THURSDAY, MARCH 7. Breakfast in the hotel and tour the houses. Staunton Hall is huge with marvelously proportioned rooms. What a treat it would be to stay in one of the six rented rooms on the second floor --- canopied beds, heavily draped windows, thick carpets, glowing wood, and shining silver door fixtures. [Ah, to have lived "ante-bellum," but is that true? Old houses were built for hospitality because travel was slow. If travel was slow, would I make this US tour? Would I have gone to Europe? How would business trips be? Nonexistent!] Arlington is a collectors paradise with syllabub cups and satinware and Tiffany cups and terra cotta and bronze statuettes and hundreds of dolls and thousands of knickknacks in glass domes and/or extravaganzas, and seven wine glasses at each place on the table and gold napkin holders, and the raucous owner talking of her trip to England. The two ladies rush through and we're (Yvonne Mortvedt and I) dropped at Holly Hedges, and Mrs. Bingham takes them back to their hotel. Last three houses are little and cloying, and Yvonne and I chat only when necessary, and she is THE fat librarian type, though from Minneapolis. I get back to hotel to write letters and cards, and to bus station to finish them. Have to have ticket reissued, but it's easy and I sit next to her on bus. We chat on way up, and the woman across the way joins in and shows us the "Golden Hand pointing to heaven," and we see the Natchez trace and talk of Rock Hudson's wife and my record company and I'll meet her in Minneapolis. The woman looks at my ticket and recommends, and the man says "I was born in Natchez in 1881, so I guess I beat you to Natchez. Like the place?" Oh, yes. Changed bus stations by turning corner and walking four blocks in Jackson. Eat lousy dinner in Post House, and take off for Memphis at 7:30. Very pleasant Lutheran pre-theological student from Fort Wayne makes trip go quickly, and we chat pleasantly while bus barrels along hilly, empty, Mississippi [Mississippi highways above Jackson tended to be flat, but curved. The poverty of the state eliminated billboards, what ones appeared were read on both sides, so you got ads for cities PAST on the LEFT of the road. There was very little traffic, and I wonder if the two young tattered hitchhikers EVER got picked up. The curves in the highway and the fast bus, known to be defective, make the ride electrifying.] countryside, no signs, no traffic. Memphis at 12:45, and the Y is only around the corner. No soap in the room and I wished I'd taken it from the Eola (I had soap with me ever after, and hardly ever used it), but take sponge shower and get to bed at 1:30 after fussing with Venetian blinds.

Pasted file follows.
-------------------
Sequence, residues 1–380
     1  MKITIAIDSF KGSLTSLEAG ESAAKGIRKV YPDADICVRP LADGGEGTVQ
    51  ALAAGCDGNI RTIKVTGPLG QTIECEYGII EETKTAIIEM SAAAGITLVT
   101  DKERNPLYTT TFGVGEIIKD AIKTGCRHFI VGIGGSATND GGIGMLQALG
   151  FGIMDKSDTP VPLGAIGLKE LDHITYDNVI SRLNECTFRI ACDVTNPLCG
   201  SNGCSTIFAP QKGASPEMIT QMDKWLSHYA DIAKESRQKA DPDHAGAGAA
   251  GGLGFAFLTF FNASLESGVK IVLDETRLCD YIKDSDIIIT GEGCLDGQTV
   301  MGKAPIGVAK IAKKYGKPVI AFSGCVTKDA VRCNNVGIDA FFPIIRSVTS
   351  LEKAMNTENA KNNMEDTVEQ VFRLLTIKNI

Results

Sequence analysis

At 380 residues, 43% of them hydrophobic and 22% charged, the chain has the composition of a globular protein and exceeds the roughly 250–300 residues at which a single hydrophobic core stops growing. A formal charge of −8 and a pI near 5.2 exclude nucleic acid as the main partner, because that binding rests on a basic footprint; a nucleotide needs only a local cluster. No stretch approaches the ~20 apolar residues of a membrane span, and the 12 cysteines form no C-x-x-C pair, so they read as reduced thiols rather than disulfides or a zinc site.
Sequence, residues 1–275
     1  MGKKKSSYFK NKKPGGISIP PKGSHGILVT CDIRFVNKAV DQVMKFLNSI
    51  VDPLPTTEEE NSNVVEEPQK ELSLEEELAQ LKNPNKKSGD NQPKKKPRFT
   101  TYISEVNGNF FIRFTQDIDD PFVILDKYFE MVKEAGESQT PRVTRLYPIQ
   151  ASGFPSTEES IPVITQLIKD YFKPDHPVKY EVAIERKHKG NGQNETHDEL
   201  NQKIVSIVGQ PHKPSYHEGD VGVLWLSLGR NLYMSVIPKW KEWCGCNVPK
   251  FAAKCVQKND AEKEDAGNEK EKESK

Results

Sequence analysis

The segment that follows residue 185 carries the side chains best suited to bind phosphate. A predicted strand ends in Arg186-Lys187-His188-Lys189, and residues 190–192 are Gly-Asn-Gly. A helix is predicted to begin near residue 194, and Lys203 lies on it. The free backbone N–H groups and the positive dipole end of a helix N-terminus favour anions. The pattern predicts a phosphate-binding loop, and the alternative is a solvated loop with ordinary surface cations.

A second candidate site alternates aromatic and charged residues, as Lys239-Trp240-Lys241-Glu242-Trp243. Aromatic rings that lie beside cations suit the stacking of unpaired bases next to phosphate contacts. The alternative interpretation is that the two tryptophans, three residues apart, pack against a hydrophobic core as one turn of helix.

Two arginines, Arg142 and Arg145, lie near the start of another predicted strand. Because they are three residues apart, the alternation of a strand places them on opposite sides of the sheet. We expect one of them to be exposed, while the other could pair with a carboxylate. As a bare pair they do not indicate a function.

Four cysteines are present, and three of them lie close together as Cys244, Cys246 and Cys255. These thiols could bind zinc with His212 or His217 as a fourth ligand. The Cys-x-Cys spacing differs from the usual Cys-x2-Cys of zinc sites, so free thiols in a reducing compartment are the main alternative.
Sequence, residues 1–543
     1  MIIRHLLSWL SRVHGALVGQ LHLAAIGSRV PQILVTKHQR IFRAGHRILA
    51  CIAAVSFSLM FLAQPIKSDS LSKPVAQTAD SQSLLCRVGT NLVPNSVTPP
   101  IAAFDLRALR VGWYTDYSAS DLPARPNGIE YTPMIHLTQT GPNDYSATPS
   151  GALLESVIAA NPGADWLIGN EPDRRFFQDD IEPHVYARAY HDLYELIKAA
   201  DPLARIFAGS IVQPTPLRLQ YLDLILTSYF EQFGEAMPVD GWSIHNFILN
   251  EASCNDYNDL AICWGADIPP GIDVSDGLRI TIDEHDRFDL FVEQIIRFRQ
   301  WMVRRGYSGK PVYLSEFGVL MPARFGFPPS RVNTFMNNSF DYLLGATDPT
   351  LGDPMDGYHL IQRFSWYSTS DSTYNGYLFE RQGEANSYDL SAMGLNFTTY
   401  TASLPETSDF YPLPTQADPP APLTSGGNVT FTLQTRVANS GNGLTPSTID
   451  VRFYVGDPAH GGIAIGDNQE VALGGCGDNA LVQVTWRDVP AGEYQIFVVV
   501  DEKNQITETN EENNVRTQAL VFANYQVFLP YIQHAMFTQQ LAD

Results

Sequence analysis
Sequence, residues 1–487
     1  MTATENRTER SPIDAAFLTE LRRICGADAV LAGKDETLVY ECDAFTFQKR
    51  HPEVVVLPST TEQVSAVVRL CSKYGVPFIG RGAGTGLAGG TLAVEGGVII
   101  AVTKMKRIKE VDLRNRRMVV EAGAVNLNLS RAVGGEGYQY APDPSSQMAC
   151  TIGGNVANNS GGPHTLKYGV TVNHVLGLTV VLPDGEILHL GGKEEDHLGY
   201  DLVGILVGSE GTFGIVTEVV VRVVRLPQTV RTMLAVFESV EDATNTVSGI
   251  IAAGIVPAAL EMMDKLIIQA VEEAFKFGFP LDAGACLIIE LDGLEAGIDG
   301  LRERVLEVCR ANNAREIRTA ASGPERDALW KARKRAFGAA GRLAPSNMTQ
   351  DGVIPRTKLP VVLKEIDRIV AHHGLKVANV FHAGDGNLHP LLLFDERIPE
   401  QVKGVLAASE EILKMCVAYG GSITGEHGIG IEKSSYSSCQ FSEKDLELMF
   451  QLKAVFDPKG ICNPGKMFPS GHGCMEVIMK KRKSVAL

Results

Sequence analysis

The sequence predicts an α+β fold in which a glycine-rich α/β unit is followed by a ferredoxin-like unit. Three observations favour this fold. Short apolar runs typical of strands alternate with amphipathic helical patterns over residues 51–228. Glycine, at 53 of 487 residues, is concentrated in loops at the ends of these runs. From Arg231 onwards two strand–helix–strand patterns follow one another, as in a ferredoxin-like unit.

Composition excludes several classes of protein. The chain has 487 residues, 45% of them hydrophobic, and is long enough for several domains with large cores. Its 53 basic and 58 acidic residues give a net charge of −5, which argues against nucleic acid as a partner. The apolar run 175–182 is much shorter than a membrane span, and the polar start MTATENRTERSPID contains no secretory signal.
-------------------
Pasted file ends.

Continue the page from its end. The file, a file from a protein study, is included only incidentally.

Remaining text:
FRIDAY, MARCH 8. Memphis is big, even bigger than it appears on maps, as became obvious when I head toward Poplar and walk out Poplar to Overton Park. The area is rundown, and there seems to be no place to stop for breakfast, so I wander on. Both sides seem the same sort of slum area, and things look hopeful as I pass a huge new hospital for psychiatry. Just as I pass this, fellow in Chevrolet passes and asks where Macon Street is. I say I don't know --- stranger here myself. He asks if I'm going that way, I say yes, get in, and pull out map to help him to Macon. I'm in it for quite awhile before I find I'm using GHIJKLM on wrong map. By this time slums have cleared and the residential areas are green and spacious. He says he's never seen any of the parks or museums, maybe he'd come along with me. [Don (or Ron?) Reynolds, salesman for Eli Lilly out of New Jersey (Trenton?) lives in Detroit.] By this time the situation is clear, and I figure to use him for transportation and possibly other activities later, if he proves pleasant --- his face isn't bad, like fellow at SRI (Varbel --- which I know is wrong, because that was cute football player in Salinas). We hit Overton and follow signs to the zoo. He does in fact get out and we enter empty gate and past rows and rows of cages of monkeys. This must have been the first warm day of the year, since all the gibbons and spiders and rhesus and black-faced monkeys were out in the sun, looking freshly scrubbed, especially the mandrills, every hair untangled and shining, looking very clean and not smelling, and even the obscene red patches were not so jarring. They swung five-armed through the air, looping gracefully about, clutching unconcernedly with hand or foot or tail tip. They made water with great unconcern, and on monkey island they were spinning their top, and jumping into the moat to pick up peanuts, swimming with a baby-crawl motion. The lions and panthers were out, and the hippo was a black truffle curled against the side of his building. Bears wrestled or sat placidly back and gazed at the world, needing only arms folded across the chest and a pipe to complete the picture of the retired executive at his club. Don glanced patiently at all these, yet continued to walk with his head down between the exhibits. Even the snakes were moderately active, and glided uncannily over tree branches. The birdhouse was brilliant, humid, and smelly, and cries echoed tinnily back and forth. Owl-eyed lemurs scratched eagerly at their food, and flamingoes elegantly dipped their necks to get their clumsy beaks around lettuce. Orange birds flashed across the green haze, and budgerigars nuzzled each other. We finally found the aquarium, and looked over the Mississippi River Panorama, appropriately muddy colored in places, with the biggest catfish I've ever seen, and a dozen everlasting carp floated with what looked like indestructible coatings. They were not scales, nor armor, nor flesh, yet taking from each. The gibbon was still hooting, its indrawn breath making the sound urgent and panic-filled. We left, and I smugly indicated that there was a museum in the park, too. That was hardly worth it, and we raced through the halls. The modern art (Southern artists) was just bad, and the classical art was undistinguished, though they had some decent ceramics of birds and flowers. Into car again. "Well, I'll tell you what I would have looked for next, the Pink Palace." He leaned over map and his soft hand touched mine. It held for a moment, and then it was away to shift into reverse to get there. That section of town was pleasant and park-like, but the Pink Palace was a bit stark, standing on its huge naked plot of ground. "You can never tell what these museums will have," and particularly here. Stylized mural of Spanish fighting Indians, model of railroad train, stuffed animals, a beautiful collection of African trophies from Mr. Berry, a Peek-a-Boo tree, a "Feel and Guess" (nothing phallic) log (containing an upper thigh bone of a cow), Indian exhibits, a Florentine chest, a marble fireplace, old manuscripts, dishes and glassware, rocks, biology exhibits, rooms, space exhibits, a bit of everything. It was now close to 1, and since he had rubbed hands with me several times and not gotten ANY reaction except movement away when convenient, he said "Can you make it back from here OK? I've got to get along." I said OK, then immediately regretted it, since I'd left the map in the car. I left by way of the parking lot, and saw it lying where the car had been, and I was pleased at his considerateness, considering. Then I smiled at his possible anger, since he had DRIVEN over the map. I wandered down to the main street, where the Coach Stop sign was, and hitchhiked. In 10 minutes two teenagers stopped. They mostly chattered between themselves, but the few things I said, they seemed greatly amused. They thought it was a nice-enough town, but "there isn't much to do." "You mean after you've seen the Pink Palace, that's it?" And they laughed long again. They seemed interested and the driver asked, "Going to be in town on Sunday?" "No, I'll have to be moving along." "That's too bad, I was going to offer to drive you around, show you some of the things you might not have seen." His friend looked over for a second, then faced back front. They let me off almost where I'd been picked up, and after a phone call showed that Justine's wasn't open until 5, I walked back to the bus station, feeling rather weary. Stopped in Pancake House for buckwheats and six types of syrup, then over to bus station for 3:15 bus to Little Rock. [Immediately, in Tennessee, things were much better than they were in Mississippi. There was one waiting room and one set of restrooms in the station, and Negroes and whites sat and stood in the same area, though not mixing socially, of course, and a man in the basement started making a diffuse fuss; what the fellow unzipping himself at the next stall said was attributable to the colored people in the waiting room.] Little girl with big black eyes and short red dress held forth: "I been on the train, and now I'm going on the BUS. I rode on the escalator and the elevator and the CARS." [Sign on back of bus "Nelly Bell #1" for Negro Sunday school, under picture of crowds around Christ: "He who follows Me shall be saved."] The land was flat [In Arkansas the farms stretched straight back from the roads, and the houses looked tethered to the telephone poles, connected by the umbilical cords which gave them heat and light. Each was alike, each had a miniature of itself in the backyard [doghouse]. Exasperating to work up to a cloudy wispy sunset, but get stuck behind the Greyhound terminal at Stuttgart (just this side of England), and I visualized the sun descending into the earth with momentary transitions from glory to glory, each of which I was missing. The land was flat, though in some places there were little valleys, close together, holding rivers. These rivers were full to the top, and in one case two rivers came together in a swamp out of which dry tree stumps stuck, and the sun shone off the water.] and poor, and when I got to Little Rock I simply didn't feel like staying. "How do I get to Hot Springs?" "That's the other bus line. Five blocks down, three over." Pass the old capitol on the way, and since I saw the new one lit from a distance, and passed the latest tallest building (18 floors), and saw the booming business in drive-ins and movies (all attended by fellows in slim trousers and white tieless shirts with sweaters, and girls in neat suits), I felt I had seen the city. The Continental fellow was helpful, but said I had to get the ticket reissued. Back to Greyhound, going 3 blocks beyond it, get ticket from them from Texarkana (wasn't thinking) to San Antonio, and they assured me I didn't need Dallas and Houston stamped on. Back to Continental and get ticket from THEM from Little Rock to Hot Springs, and from Hot Springs to Texarkana. Watch rolling-eyed blind fellow come in, get ticket, and sit to wait, getting thumped by laughing girl behind him, and he buries his head in his hands and GRIPS. Get truly awful club steak at the Olympia from an idiot waitress. "I'd like a glass of milk please, and some butter.' "Be right with you." Brings butter. "And what would you like to drink, please?" A bespectacled, far-away father ignores the clamors of his little daughter. Where is mother? From the father's woebegone look, it might be bad. Bus goes out ten minutes late and there's little room and I sit next to a well-rounded woman. Talk goes from Little Rock to Hot Springs to my bad luck at coming during the time of the races, to the fact that she's cheerful, a grandmother, born in Arkansas, "even though people consider it backwards, it's very beautiful," and determined "We'll see Hot Springs together, darlin', providing you don't mind being seen with an old woman like me." "You didn't get to the My-Oh-My Club in New Orleans? The men dressed like women and the women dressed like men. I never SEEN anything like that. They don't have anything like that in Arkansas. We're divorced, but I don't blame him completely. One night I got drunk (I drink a little, does that put you off, honey? Had a few beers before I got on the bus), and called my husband (works in the copper mines at Bisbee), wanted him to come back. $18 that call cost me. He called me last week, but I said "You wife just kicked you out, and you're feeling sorry for yourself. It must have been true, he hasn't called back yet. Got a boy friend in Little Rock. He called and said, "Let's go to the races." I said OK, but then he called this morning and said he couldn't go. But I'm going anyway. You can call my daughter and her husband in Houston, tell them I was going to see my mother. My sixteen-year-old son lives with her. I'm happy in Little Rock. Gee, you're cute. You don't mind my holding your hand? Maybe I'll fall asleep, can I use your shoulder? You're cute." Pause. "No, I don't feel like sleeping, I want to talk. Tell me about yourself." Etc. The road went fast into Hot Springs, and she left for ladies room and when she got out said, "I took awhile, thought you'd be gone when I came out." Got into cab and stopped at closed Y, and went to Romers, where they had rooms for $7.50. Back to cab to be convinced that that was pretty good for a race weekend, so I checked in and was told to call Edith in the morning. The bill was $7.50, the heat a gas furnace, and the lights buzzing fluorescent. Got into bed and wrote a bit, then fell asleep.